The Review of Austrian Economics, 18:2, 169–178, 2005.
2005 Springer Science + Business Media, Inc. Manufactured in The Netherlands.
Entrepreneurial Discovery and the Demmert/Klein
Experiment: Another Attempt at Creating the
JANA KITZMANN firstname.lastname@example.org
DIRK SCHIERECK email@example.com
European Business School, International University, Schloss Reichartshausen, 65375 Oestrich-Winkel, Germany
Abstract. Friedrich Hayek conjectured that the free enterprise system is the most effective in making discoveries,
and Israel Kirzner reﬁnes the conjecture by saying that proﬁt opportunities evoke entrepreneurial discovery.
Demmert and Klein (2003) present the ﬁrst attempt to demonstrate the Hayek/Kirzner conjecture. On the whole,
Demmert and Klein (2003) classify the results as disappointing but fruitful. In contrast we argue that additional
experimental evidence might yield a demonstration of the conjecture. We continued the diligence and good-faith
effort started by Demmert and Klein (2003) to devise an experimental setting that would create a genuine context
for entrepreneurial discovery, yet the conjecture eludes our efforts at controlling the experiment. We duplicated
the experiment at a Business School in Germany, with two simple variations. First, Demmert and Klein (2003)
recruited only male students. We include male and female students. Second, Demmert and Klein (2003) used a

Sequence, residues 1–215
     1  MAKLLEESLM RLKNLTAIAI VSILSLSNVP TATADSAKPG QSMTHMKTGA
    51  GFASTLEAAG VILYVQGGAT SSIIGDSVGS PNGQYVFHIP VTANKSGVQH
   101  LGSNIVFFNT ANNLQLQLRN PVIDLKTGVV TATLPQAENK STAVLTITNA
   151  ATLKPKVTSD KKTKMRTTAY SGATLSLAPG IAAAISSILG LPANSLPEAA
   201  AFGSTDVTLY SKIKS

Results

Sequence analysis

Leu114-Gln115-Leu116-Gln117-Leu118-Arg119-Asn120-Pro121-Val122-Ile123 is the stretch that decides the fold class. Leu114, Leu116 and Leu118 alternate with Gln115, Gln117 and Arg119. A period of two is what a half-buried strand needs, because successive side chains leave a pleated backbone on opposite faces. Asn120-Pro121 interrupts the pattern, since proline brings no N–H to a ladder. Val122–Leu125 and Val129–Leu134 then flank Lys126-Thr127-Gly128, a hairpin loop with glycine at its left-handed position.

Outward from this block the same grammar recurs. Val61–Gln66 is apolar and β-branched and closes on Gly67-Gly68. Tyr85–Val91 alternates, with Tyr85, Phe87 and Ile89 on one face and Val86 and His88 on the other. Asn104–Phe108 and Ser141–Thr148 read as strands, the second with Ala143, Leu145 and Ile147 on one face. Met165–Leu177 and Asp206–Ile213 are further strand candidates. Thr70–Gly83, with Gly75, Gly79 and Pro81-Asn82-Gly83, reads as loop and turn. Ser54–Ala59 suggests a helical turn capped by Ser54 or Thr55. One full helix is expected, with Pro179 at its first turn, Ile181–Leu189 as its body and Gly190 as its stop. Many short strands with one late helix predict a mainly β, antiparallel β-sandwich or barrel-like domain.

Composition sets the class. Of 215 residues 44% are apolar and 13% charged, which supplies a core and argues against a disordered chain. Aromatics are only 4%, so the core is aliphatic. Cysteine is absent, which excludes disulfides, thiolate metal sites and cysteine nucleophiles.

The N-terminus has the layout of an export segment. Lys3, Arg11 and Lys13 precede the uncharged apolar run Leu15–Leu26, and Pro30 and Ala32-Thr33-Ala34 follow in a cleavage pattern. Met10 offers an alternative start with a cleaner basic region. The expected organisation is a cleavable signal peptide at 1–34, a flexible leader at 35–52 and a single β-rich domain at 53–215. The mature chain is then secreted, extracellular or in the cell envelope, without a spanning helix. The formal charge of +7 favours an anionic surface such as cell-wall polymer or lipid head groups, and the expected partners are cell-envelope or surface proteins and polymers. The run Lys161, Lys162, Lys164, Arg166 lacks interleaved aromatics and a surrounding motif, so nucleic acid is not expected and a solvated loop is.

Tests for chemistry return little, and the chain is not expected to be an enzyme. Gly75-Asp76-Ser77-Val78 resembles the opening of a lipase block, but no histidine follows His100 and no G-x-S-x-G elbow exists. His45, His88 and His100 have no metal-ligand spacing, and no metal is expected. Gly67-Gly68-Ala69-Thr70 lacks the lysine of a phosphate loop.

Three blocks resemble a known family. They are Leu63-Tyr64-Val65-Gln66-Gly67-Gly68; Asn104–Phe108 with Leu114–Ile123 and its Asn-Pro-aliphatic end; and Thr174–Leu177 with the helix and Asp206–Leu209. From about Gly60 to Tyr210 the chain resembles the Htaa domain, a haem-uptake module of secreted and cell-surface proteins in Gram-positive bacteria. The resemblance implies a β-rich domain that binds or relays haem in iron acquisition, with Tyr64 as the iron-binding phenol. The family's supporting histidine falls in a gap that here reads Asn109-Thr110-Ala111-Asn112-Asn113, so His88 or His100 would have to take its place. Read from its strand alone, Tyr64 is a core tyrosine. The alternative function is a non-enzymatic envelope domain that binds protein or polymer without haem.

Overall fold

payment schedule that includes a ﬂat rate for participation and additional earnings depending on the presented
performance. We drop the ﬂat rate and slightly reduce the earnings per unit outperformance. Our results show
that overall money matters. Our results are rather like those of Demmert and Klein (2003) and do not seem to be
inﬂuenced by a baseline payment. Moreover, there are gender speciﬁc divergences showing male students earning
signiﬁcant higher additional earnings than their female fellow students.
KeyWords: cross country divergences, entrepreneurial discovery, gender speciﬁca, monetary rewards
JEL classiﬁcation: A1, D0
Friedrich Hayek (1978) conjectured that the free enterprise system is the most effective in
making discoveries. He emphasized the “role of knowledge and its enhancement through
hypothesizing that market participants, in order to approach an equi-
librium state, would have to gain a better mutual understanding of their actions and plans.
In other words, it must be explained by what process the market participants acquire the
This is predominantly the process of competition in a free enterprise
Hayek regarded the latter as a discovery procedure, in which individuals would
generate “such facts as, without resort to it, would not be known to anyone”.
(1985) reﬁnes Hayek’s conjecture by assuming that the availability of proﬁt opportuni-
ties tends to evoke entrepreneurial discovery. He conjectured that the market participants’
entrepreneurial discovery would be evoked if they saw an opportunity for proﬁt (“alert-
ness”). The higher the degree of freedom in a society, the better it would be able to discover